Sky at a Glance April 29-May 6

Photo showing the Constellation Hercules in the night sky.

This Week’s Sky at a Glance, April 29 – May 6  ~by Curt Nason

The constellation Hercules is up in the east after sunset, recognizable by the Keystone asterism that forms the legendary strongman’s body. He is usually pictured kneeling upside down in the sky, having a tête-à-tête with Ophiuchus the Serpent Bearer, with his foot placed triumphantly on the head of Draco the Dragon. The Keystone is situated two-thirds of the way from Arcturus to Vega.

Hercules (Heracles in Greek mythology) was the result of one of Zeus’s many affairs with a mortal woman. Consequently, Hera (wife of Zeus) did whatever she could to have Hercules killed. As a baby Hercules strangled two snakes sent by her, and the Twelve Labours he performed were assigned by King Eurystheus, a representative of Hera.

Two globular clusters, M13 and M92, can be seen with binoculars in the constellation. M13, the finest globular cluster in the northern hemisphere, is along the right side of the Keystone, two-thirds of the way from bottom to top. A line from the bottom right star of the Keystone to the middle of the top side, and extended not quite that same distance, will put you near M92. Currently there are comets near both feet of Hercules, bright enough to be seen in a small scope or perhaps in binoculars with a dark sky. Comet 41P/Tuttle-Giacobini-Kresak is near the left foot by Draco’s head, and C/2015 V2 Johnson is near the right foot past the knee of Hercules. See the Comets section of the Heavens-Above website for their current locations.

This Week in the Solar System

Saturday’s sunrise in Moncton is at 6:08 am and sunset will occur at 8:24 pm, giving 14 hours, 16 minutes of daylight (6:15 am and 8:27 pm in Saint John). Next Saturday the Sun will rise at 5:58 am and set at 8:33 pm, giving 14 hours, 35 minutes of daylight (6:04 am and 8:36 pm in Saint John).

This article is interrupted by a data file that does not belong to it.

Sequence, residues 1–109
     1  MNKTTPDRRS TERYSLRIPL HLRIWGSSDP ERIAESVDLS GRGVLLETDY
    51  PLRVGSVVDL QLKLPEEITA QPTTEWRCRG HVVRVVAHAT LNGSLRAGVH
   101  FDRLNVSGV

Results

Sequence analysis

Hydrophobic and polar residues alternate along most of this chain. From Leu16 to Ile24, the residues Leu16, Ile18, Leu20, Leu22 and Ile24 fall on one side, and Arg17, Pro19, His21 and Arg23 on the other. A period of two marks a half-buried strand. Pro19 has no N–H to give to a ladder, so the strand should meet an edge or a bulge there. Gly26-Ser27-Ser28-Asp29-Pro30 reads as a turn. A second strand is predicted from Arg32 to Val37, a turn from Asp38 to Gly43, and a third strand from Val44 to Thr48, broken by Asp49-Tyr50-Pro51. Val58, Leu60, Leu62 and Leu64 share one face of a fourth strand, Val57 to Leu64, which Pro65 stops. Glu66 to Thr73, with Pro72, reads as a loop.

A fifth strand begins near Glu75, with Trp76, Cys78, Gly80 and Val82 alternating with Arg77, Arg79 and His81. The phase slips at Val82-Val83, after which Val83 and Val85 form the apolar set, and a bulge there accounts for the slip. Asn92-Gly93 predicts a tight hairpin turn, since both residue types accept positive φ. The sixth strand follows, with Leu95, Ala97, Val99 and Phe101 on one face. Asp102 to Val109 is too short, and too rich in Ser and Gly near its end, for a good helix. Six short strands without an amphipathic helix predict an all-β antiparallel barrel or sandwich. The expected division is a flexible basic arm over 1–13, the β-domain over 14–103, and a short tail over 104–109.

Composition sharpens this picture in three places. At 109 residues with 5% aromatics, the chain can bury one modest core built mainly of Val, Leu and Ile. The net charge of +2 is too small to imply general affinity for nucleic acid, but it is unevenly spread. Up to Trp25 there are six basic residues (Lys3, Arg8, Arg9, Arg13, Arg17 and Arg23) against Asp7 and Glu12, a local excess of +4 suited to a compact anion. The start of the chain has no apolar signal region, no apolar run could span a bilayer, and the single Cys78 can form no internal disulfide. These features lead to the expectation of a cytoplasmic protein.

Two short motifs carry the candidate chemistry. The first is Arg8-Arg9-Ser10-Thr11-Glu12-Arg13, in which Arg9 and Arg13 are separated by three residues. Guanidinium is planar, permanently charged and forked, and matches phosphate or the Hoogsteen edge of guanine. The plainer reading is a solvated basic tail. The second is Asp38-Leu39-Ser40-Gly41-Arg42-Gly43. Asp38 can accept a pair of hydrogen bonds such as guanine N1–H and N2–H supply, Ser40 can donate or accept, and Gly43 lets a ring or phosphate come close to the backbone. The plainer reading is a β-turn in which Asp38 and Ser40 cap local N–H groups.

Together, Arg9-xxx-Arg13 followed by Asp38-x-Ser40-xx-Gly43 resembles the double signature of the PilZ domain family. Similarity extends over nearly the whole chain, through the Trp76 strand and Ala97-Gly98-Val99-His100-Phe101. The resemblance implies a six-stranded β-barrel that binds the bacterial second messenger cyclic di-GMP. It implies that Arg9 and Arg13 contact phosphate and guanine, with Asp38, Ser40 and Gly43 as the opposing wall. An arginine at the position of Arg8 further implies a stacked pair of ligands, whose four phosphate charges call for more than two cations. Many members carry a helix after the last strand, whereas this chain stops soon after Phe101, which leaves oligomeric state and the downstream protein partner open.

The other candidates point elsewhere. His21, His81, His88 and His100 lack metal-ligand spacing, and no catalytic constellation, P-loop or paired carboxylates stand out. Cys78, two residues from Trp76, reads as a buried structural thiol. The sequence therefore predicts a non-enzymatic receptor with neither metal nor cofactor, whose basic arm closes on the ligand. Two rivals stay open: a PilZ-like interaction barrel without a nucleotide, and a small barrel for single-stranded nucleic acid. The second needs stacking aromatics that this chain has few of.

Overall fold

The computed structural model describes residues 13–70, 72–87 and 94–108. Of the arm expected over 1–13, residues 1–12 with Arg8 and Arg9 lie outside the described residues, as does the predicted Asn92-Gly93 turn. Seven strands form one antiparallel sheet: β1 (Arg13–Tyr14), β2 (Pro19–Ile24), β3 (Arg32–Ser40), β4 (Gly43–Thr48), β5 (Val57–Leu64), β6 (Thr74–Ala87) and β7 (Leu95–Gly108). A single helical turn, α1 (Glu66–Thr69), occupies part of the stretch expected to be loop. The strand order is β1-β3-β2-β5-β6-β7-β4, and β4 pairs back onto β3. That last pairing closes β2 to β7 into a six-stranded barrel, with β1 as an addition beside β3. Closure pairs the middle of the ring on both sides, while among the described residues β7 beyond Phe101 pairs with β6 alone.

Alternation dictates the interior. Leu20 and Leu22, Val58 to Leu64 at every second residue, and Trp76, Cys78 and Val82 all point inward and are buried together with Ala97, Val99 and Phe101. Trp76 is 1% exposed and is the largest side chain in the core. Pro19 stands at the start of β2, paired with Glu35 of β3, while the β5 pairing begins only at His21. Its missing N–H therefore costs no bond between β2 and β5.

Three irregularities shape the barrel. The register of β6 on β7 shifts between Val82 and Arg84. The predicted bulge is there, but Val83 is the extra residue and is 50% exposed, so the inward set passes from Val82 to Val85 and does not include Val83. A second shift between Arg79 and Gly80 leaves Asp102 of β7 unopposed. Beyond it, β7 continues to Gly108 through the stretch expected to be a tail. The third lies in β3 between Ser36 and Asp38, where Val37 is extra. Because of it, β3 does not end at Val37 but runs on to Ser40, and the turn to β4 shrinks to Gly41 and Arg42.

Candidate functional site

The Moon is at first quarter on Tuesday, giving great views in a scope all week. Jupiter is highest in the south around 11:30 pm. On Wednesday evening, with a scope or even binoculars, you can watch its volcanic moon Io approach and finally disappear behind the planet at 11:11 pm. Late the next evening Io will be in nearly the same position, having emerged from a transit in front of Jupiter at 10:39 pm. Mars approaches the Hyades star cluster, which is anchored on one side by orange Aldebaran, and sets around 10:45 midweek. Venus is at its brightest for its current morning apparition on Sunday, while later in the week Mercury rises 45 minutes before the Sun. By midweek Saturn is rising before midnight.

To cap off Astronomy Week RASC NB members in Moncton will be holding public observing at the soccer field next to Lou MacNarin School from 9-11 pm on Friday, April 28; solar observing at that location Saturday, April 29, from 9 am to 1pm, and observing at the Moncton High School Observatory from 9-11 pm that evening. In Saint John, members are holding public observing at the Rockwood Park Bark Park (Fisher Lakes entrance) from 9-11 pm on Saturday, April 29, with Sunday as a back-up date if it is cloudy.

Questions? Contact Curt Nason.

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